Lansing judge says medical marijuana law "screams for legislative clarification," dismisses cases
A Michigan judge has ruled against the state Attorney General’s office in a series of criminal cases brought against four employees of Lansing-based medical marijuana dispensaries.
Lansing District Court Judge Hugh Clark Jr. dismissed the felony drug-dealing charges last week, saying the state’s medical marijuana law "screams for legislative clarification in numerous areas."
The Lansing State Journal has more:
The case surrounded multiple purchases of marijuana last year by four undercover police officers at HydroWorld locations on South Martin Luther King Jr. Boulevard and West Barnes Street.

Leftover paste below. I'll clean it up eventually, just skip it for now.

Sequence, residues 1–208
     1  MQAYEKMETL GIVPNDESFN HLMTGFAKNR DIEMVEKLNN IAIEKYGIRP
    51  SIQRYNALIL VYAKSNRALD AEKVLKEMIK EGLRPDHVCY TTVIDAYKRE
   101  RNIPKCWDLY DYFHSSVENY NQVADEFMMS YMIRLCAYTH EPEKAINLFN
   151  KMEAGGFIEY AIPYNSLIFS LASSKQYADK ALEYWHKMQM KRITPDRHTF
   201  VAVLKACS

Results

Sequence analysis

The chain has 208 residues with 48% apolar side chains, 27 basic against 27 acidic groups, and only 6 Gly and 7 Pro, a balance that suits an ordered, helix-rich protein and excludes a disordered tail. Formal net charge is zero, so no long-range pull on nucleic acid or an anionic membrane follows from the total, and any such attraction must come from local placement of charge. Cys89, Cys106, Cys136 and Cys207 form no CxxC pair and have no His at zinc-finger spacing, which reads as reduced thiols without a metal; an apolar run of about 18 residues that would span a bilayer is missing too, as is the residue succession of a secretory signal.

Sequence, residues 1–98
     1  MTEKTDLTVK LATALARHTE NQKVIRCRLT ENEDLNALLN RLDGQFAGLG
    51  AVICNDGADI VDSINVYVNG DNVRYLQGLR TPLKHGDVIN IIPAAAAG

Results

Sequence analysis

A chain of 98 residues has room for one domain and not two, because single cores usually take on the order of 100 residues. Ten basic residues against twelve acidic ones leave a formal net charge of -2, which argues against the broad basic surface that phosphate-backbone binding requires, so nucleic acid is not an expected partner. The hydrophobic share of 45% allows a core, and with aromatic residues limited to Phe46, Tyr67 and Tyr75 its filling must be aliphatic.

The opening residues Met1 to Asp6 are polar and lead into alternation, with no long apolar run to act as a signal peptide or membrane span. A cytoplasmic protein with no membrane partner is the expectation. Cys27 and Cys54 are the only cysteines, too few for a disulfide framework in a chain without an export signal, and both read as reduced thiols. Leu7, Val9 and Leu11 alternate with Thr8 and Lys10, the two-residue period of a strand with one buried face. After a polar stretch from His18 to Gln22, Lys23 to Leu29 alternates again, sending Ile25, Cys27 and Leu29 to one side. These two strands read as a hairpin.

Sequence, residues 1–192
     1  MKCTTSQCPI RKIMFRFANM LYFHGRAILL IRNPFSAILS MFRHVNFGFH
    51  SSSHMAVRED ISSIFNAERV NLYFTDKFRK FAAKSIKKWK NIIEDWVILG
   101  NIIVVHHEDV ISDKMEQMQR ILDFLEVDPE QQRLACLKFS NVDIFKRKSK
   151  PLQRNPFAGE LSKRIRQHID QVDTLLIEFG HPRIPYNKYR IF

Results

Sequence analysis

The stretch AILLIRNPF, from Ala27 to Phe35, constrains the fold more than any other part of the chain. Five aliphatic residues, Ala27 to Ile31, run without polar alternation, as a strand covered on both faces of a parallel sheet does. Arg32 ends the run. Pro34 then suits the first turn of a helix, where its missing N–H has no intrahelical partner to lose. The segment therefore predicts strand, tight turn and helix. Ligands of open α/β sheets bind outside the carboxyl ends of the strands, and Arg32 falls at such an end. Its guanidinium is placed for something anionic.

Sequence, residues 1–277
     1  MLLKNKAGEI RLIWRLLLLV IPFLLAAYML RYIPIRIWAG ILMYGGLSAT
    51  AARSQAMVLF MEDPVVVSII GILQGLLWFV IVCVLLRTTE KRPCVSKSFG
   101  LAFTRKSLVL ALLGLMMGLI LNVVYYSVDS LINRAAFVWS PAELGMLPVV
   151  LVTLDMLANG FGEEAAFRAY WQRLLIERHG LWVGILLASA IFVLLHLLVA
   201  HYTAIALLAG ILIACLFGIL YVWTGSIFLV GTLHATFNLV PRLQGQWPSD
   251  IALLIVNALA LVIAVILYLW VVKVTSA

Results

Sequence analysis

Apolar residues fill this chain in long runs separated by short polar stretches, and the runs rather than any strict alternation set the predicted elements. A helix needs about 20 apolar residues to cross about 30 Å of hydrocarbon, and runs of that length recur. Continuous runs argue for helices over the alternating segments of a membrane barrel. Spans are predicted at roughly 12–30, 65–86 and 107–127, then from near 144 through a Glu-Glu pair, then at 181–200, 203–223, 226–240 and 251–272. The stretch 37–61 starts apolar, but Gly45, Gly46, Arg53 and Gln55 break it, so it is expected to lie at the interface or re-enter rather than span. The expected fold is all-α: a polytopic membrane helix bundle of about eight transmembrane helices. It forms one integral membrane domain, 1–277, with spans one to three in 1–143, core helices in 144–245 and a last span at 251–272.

They bought about 1/8-ounce of marijuana each time.
The Attorney General’s office filed charges against the employees, saying that the undercover officers were able to purchase marijuana even though they didn’t have state-issued medical marijuana cards.
The officers, according to testimony, filled out applications for the ID cards and a doctor — without ever seeing the officers — approved them.
Clark based his ruling on a recent Michigan Supreme Court decision that said a doctor’s diagnosis serves as a defense against possession charges for someone without a medical marijuana card.
The Attorney General’s office may seek an appeal, while civil lawsuits seeking to shut down the HydroWorld locations are still pending, the Lansing State Journal reports.
- Jordan Wyant, Michigan Radio Newsroom